Nossa Cidade (“Our City”), from TheCityFix Brasil, explores critical questions for building more sustainable cities. Every month features a new theme. Leaning on the expertise of researchers and specialists in WRI’s sustainable urban mobility team in Brazil, the series will feature in depth articles on urban planning, sustainable mobility, gender, resilience, and other key themes for sparking more sustainable development in our cities.
Transit-oriented development (TOD) is all about creating cities and neighborhoods that are compact and connected. Previously, we talked about the seven principles of TOD, its economic benefits, and the potential of the Minha Casa Minha Vida (MCMV – “My House My Life” in English) project that works to bring TOD to cities across Brazil. To wrap up our discussion on Nossa Cidade of TOD, it’s important that we recognize and discuss the challenges of making TOD a consistent practice across the country.
170 million Brazilians currently live in urban areas, which is about 83 percent of the national population. When not planned appropriately, development can leave communities isolated and disconnected from city centers, leading to social inequality and exclusion. This pattern of growth restricts residents’ access to the opportunities and services available in central areas.
Disconnected and dispersed cities harm the economy and reduce residents’ quality of life. On the other hand, TOD focuses on connecting people with the city with a sustainable transport network. However, there are often barriers that need to be overcome in order for TOD principles to be successfully incorporated into planning processes.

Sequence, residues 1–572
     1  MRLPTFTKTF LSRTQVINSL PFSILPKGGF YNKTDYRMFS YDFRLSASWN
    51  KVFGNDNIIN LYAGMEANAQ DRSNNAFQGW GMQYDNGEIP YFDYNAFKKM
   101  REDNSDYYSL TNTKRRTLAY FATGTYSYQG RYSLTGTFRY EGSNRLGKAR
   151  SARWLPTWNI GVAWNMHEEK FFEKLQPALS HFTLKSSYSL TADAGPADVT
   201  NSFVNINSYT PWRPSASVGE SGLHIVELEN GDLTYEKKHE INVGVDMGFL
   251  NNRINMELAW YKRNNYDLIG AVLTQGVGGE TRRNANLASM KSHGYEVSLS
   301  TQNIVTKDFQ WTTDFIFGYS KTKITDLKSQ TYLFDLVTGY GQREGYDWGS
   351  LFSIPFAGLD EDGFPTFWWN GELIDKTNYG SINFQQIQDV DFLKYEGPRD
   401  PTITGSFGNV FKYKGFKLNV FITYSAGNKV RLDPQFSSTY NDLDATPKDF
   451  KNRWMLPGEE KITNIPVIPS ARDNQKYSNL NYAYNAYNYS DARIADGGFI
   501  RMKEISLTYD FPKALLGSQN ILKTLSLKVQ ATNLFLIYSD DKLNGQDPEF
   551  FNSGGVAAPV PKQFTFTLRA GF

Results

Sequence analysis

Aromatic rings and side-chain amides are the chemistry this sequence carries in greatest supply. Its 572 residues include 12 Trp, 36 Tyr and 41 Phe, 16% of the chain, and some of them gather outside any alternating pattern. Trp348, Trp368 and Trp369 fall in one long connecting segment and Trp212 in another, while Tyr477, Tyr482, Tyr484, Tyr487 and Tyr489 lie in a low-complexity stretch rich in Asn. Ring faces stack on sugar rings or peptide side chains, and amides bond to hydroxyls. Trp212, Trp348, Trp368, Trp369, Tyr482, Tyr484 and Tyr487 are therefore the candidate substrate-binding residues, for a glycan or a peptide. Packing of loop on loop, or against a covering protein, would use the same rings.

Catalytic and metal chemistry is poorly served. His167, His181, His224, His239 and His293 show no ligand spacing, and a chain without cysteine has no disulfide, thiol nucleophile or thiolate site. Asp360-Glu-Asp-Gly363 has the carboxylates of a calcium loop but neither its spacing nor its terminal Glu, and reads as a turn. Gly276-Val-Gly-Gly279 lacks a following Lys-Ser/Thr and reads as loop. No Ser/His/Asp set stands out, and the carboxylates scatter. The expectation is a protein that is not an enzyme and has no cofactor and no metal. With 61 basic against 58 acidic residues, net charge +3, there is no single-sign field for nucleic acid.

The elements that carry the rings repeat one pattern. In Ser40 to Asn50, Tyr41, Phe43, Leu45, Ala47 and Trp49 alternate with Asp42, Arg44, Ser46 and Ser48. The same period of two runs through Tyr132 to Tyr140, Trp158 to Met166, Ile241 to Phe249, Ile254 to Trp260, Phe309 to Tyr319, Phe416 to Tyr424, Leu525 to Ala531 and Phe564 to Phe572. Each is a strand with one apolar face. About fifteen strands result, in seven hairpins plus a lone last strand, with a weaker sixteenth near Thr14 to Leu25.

Throughout recent Brazilian history, cities have often expanded at a greater pace than investments in infrastructure, benefiting central districts but leaving peripheral districts lacking urban services. The result is that low-income populations move outward, where land is cheaper, but where basic needs cannot be met. Reversing this trend requires financial and governance mechanisms that can attract investors, engage local communities, and ensure more compact, connected, and coordinated growth.
Urban mobility programs promoted by the federal government through “PAC da Mobilidade” have facilitated the construction dedicated bus lanes and bus rapid transit (BRT) systems in several Brazilian cities. These programs have created large transport hubs around bus terminals and multi-modal stations, increasing the value of surrounding real estate and creating an opportunity for genuine TOD.
In Brazil, CEPACs (Certificates of Constructions Additional Potential) and the “Concerted Urban Operations” are good examples of financial mechanisms that can help support TOD projects. However, these mechanisms are rarely utilized and often fail to expand access to sustainable public transportation systems. Minha Casa, Minha Vida, as we previously discussed, can produce positive results by building housing estates in central regions or in areas well serviced with public transport. One example of this is the Junção project in the city of Rio Grande.
In addition to funding issues, one of the challenges of implementing TOD comes from the governance side. Public policy often intends to develop affordable housing projects on unused land that have secure access to urban services. However, because management changes, it can be difficult to guarantee that projects will continue. Similarly, legal mechanisms are needed to ensure that TOD is kept a priority throughout urban planning processes. In order to remedy this, decision makers and planners need to follow TOD guidelines to improve mobility and urban development at the individual street and neighborhood levels, as well as at the level of the city as a whole.
To learn more about the challenges to TOD that Brazil faces and the tools that can be used to overcome them, click here (in Portuguese).
This article was originally published in Portuguese on TheCityFix Brasil.